• Y02TECHNOLOGIES OR APPLICATIONS FOR MITIGATION OR ADAPTATION AGAINST CLIMATE CHANGE
    • Y02PCLIMATE CHANGE MITIGATION TECHNOLOGIES IN THE PRODUCTION OR PROCESSING OF GOODS
    • Y02P80/00Climate change mitigation technologies for sector-wide applications
    • Y02P80/20Sector-wide applications using renewable energy
    • Y02P80/23Solar energy
    • Y02P80/24Solar thermal energy

Abstract

This disclosure generally relates to a technique and apparatus for solar heating which may be adapted for heating residential, commercial or industrial buildings, and in which the functions of solar energy collection, storage and heat-exchange are combined in the same passive structure generally consisting of a plurality of cylindrical tubes preferably fabricated of glass-fiber reinforced polyester resin which are filled with a stationary heat absorbing medium, such as water, with their surfaces preferably coated with a high absorptance material on to which solar rays are directed through a solar "transmittor" or window, and which surfaces serve as heat-exchange elements from which heat may be extracted in a variety of ways, including passage of air and thermal siphoning, and with the tubes enclosed within an appropriate insulated chamber. Cooperative action with domestic or similar hot water systems may also be achieved.

Description

The present invention relates generally to a low temperature solar furnace and the like, being more particularly directed to a method of and apparatus for collecting and storing solar energy and selectively releasing this energy in a controlled manner with a unitary passive system suitable for residential, commercial, industrial, and other related space heating purposes; this application being a continuation application of U.S. patent application Ser. No. 49,736, filed June 18, 1979, now abandoned, which is a continuation-in-part of U.S. patent application Ser. No. 949,267, filed Oct. 6, 1978 now abandoned, and which, in turn is a continuation of patent application Ser. No. 579,560, filed May 21, 1975, now abandoned.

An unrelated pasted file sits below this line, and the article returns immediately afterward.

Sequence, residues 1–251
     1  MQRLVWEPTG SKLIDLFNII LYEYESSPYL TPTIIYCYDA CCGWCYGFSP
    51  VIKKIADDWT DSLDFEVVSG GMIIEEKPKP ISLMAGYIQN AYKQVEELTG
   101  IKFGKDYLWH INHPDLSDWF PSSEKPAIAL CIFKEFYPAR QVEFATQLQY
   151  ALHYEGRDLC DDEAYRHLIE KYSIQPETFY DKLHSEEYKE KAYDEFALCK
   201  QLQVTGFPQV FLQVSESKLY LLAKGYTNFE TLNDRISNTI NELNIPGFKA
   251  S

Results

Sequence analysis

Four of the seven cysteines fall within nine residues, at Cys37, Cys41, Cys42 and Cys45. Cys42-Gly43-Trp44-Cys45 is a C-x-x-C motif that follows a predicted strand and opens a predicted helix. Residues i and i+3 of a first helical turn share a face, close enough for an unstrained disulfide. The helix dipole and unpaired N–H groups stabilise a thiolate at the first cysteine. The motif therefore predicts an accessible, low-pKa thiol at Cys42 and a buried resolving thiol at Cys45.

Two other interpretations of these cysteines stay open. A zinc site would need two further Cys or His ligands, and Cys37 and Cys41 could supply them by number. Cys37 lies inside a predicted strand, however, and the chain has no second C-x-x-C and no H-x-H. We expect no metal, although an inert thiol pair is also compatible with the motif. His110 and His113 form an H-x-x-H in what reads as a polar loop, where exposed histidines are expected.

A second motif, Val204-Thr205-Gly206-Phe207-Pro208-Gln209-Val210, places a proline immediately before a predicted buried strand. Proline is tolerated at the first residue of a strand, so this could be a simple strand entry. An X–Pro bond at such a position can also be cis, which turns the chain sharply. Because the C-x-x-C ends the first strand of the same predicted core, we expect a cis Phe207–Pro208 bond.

Though, as explained in said earlier applications, the prior art discloses a variety of solar systems which represent valuable and well recognized concepts for providing heat, these systems suffer from a number of deficiencies. For example, most of these heating systems consist of an arrangement of "collectors" which are connected by piping or duct-work to a remotely heated reservoir or storage chamber filled with rocks, water, or the like, accordingly requiring some configuration for the distribution of the absorbed heat energy to the reservoir or storage chamber being heated. Systems requiring such pumping or the like are "active" systems generally comprised of separate and independent components that obviously require pressurization and/or moving parts, and tend to be expensive, inefficient, and demanding of substantial installation space. Further, many such systems using water have been subject to corrosion and freezing.

Illustrations of active system approaches, including with the aid or reflecting surfaces, are described, for example, in U.S. Pat. Nos. (cite those of record in previous Keller applications), 1,853,480; 1,888,620; 3,841,302; 3,989,032; 3,946,944; 3,973,553; 3,987,786; 4,002,160; 4,026,269; 4,055,163; 4,082,143; 4,111,359; 4,112,920; 4,112,922; German Pat. Nos. 24 41 151, 25 11 740; and French Pat. Nos. 2,267,531 and 2,299,604.

Many of such proposals involved separate locations for solar collection and storage, with the necessity for fluid movement under power therebetween; and others also require remote storage and/or powered fluid movement or the like and/or powered fluid extraction from storage, with none providing an integrated system wherein collection, absorption, storage and provision of direct heat-exchange surfaces are provided in a passive singly unitary structure.